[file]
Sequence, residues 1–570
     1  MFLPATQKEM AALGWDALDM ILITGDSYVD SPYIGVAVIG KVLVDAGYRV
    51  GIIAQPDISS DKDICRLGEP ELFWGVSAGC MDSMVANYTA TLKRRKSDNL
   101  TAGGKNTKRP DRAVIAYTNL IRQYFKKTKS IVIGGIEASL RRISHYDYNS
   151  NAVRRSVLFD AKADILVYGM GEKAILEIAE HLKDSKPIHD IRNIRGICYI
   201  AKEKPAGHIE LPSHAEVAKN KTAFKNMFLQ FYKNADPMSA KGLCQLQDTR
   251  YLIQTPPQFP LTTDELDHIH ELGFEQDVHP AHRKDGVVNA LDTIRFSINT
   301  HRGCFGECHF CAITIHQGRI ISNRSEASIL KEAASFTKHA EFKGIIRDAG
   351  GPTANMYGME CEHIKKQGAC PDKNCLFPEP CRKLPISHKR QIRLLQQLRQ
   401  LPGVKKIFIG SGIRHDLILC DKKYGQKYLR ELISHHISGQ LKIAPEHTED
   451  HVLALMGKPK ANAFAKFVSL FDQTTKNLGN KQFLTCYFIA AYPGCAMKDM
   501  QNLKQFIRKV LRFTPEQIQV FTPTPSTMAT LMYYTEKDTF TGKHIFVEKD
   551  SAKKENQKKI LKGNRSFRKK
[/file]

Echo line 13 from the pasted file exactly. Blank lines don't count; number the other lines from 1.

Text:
   551  SAKKENQKKI LKGNRSFRKK